Background: Cost analyses are needed to inform resource decisions. Oftentimes, however cost-benefit analysis (CBA), cost-effectiveness analysis (CEA), cost-minimization analysis (CMA), and cost-utility analysis (CUA) are performed using untested techniques and adhering to a variety of questionable principles.
Objectives: To analyze, compare, and present a set of useful principles for the main types and methods of cost analyses through a synthesis of current information in the published literature.
Methods: The area of interest included all reports of cost research published as full articles in professional journals from January 1990 to August 1996 in the nursing, medical, and health services fields. In all, 88 sampled articles met the criteria for inclusion. A four-page data collection guide with 28 items grouped as demographics, cost-analysis types, methods, and principles was designed for the review. Incremental testing for interrater reliability using the kappa statistic for two raters was performed. Sampling, process-oriented, construct, and correlational validity were assessed.
Results: The 88 articles included 4 from nursing, 59 from medical, and 25 from health services journals. Of these articles, 45 (51%) reported CBA, 36 (41%) CEA, 2 CMA, 4 CUA, and 1 both CBA and CEA. Three nursing studies were authored only by nurses. Three fourths of the medical and four fifths of the health services publications had interdisciplinary authorship. Existing databases were the primary source of data in 61 (69%) publications. Adherence to six main methodologic principles was apparent in 19 (22%) articles. None of the nursing studies adhered to all six principles, whereas 16% of the health services and 25% of the medical studies did.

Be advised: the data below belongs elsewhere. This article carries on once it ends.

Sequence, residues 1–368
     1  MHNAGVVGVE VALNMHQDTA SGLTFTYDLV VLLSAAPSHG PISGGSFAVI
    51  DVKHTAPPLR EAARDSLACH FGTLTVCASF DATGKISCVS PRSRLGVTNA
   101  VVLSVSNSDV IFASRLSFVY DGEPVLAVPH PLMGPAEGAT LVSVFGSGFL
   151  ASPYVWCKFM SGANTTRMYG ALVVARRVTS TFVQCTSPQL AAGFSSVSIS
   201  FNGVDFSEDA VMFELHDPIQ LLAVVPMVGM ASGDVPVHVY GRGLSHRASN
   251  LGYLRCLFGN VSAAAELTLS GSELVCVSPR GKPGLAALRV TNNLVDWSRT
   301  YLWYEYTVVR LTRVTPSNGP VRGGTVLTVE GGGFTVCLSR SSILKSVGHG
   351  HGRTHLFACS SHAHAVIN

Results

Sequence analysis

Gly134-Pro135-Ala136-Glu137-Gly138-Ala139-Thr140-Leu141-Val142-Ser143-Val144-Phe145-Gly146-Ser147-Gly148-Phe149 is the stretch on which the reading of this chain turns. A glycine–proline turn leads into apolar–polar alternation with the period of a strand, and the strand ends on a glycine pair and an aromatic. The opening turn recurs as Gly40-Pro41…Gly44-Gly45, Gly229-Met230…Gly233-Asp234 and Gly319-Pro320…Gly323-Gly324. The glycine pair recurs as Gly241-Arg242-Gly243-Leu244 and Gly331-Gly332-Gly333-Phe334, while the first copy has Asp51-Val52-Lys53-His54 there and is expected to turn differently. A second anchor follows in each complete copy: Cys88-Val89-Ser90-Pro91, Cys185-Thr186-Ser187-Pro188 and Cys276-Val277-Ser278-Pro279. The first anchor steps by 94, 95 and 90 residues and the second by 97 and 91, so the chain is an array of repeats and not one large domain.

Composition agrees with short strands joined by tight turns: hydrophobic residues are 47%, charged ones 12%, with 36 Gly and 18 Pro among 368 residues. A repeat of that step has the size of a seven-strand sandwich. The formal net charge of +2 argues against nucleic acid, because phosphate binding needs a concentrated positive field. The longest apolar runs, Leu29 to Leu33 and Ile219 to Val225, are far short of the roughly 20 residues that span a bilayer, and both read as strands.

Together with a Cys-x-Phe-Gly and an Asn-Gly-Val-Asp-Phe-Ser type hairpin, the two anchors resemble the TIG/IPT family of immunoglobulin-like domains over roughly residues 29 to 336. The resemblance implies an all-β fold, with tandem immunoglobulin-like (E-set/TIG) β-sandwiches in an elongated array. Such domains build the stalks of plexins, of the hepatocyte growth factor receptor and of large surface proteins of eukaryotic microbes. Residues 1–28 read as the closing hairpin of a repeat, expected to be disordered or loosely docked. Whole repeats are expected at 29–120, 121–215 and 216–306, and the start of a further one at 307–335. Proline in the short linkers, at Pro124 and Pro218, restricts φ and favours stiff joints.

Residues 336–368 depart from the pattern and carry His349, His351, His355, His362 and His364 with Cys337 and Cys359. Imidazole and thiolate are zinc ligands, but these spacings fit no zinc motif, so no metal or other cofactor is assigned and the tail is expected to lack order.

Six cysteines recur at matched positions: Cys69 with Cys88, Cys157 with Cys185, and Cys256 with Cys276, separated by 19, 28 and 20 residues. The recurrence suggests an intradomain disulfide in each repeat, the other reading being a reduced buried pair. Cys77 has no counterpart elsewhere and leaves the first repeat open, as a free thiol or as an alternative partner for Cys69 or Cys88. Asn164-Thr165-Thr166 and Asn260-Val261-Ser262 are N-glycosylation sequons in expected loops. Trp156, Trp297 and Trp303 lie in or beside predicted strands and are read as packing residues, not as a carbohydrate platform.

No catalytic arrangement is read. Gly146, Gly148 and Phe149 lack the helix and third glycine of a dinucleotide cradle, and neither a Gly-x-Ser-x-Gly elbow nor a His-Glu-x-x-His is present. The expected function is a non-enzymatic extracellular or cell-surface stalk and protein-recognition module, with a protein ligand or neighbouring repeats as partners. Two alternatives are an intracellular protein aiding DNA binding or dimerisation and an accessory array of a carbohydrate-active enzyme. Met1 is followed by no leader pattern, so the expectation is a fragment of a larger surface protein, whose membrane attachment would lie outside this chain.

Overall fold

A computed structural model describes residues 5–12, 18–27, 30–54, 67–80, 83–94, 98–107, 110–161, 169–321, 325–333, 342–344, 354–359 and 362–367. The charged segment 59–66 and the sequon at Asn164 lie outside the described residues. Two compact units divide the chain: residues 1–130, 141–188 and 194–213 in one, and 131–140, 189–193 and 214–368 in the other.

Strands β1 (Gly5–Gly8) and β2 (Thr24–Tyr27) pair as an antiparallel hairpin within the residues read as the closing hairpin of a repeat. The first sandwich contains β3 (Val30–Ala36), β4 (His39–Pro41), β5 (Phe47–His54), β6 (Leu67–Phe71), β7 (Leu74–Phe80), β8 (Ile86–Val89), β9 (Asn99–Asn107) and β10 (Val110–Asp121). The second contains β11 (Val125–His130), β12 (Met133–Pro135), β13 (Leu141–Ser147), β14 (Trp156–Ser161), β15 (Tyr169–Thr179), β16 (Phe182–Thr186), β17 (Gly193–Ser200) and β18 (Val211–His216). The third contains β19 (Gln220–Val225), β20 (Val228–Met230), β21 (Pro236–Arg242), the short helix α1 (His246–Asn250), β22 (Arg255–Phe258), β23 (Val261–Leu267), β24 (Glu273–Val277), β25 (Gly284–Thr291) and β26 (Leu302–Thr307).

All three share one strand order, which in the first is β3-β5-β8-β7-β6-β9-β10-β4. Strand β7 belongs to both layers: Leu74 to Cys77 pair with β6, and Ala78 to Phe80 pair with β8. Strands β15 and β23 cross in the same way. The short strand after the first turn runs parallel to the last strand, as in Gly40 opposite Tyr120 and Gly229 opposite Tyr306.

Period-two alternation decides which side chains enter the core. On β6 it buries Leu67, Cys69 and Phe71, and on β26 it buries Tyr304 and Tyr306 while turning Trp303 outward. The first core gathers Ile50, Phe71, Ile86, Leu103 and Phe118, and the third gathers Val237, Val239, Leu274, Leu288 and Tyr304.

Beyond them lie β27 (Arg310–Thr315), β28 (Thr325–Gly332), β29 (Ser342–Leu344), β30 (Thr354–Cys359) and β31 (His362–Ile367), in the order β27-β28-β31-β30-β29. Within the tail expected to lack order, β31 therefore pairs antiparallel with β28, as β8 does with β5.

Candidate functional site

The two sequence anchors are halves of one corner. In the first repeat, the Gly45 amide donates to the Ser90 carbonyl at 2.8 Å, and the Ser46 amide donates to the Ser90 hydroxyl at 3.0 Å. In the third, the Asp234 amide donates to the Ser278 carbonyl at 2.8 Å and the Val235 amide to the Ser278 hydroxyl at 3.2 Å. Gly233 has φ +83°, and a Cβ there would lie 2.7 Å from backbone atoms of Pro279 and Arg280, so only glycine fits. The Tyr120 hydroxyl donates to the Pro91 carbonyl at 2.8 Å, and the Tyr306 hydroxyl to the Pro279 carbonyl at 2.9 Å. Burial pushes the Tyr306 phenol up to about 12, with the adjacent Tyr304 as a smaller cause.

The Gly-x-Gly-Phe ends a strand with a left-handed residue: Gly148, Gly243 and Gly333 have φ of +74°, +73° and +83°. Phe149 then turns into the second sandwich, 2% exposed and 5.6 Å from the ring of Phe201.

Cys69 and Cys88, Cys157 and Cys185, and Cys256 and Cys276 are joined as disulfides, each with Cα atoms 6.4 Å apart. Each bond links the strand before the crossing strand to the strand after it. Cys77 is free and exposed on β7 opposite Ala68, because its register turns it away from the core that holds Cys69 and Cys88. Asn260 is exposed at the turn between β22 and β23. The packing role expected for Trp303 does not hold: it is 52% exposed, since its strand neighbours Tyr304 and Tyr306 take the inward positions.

Conclusions: Funded cost analyses of nursing interventions that adhere to the six known methodologic principles are needed to inform policy-level health care decisions. Because of the complexity of cost analysis methodology, including sensitivity analysis, future interdisciplinary efforts using existing databases may prove most effective. The six methodologic principles presented in this article can be useful for future nursing education and cost-analysis research designed to control cost and increase the quality of health care.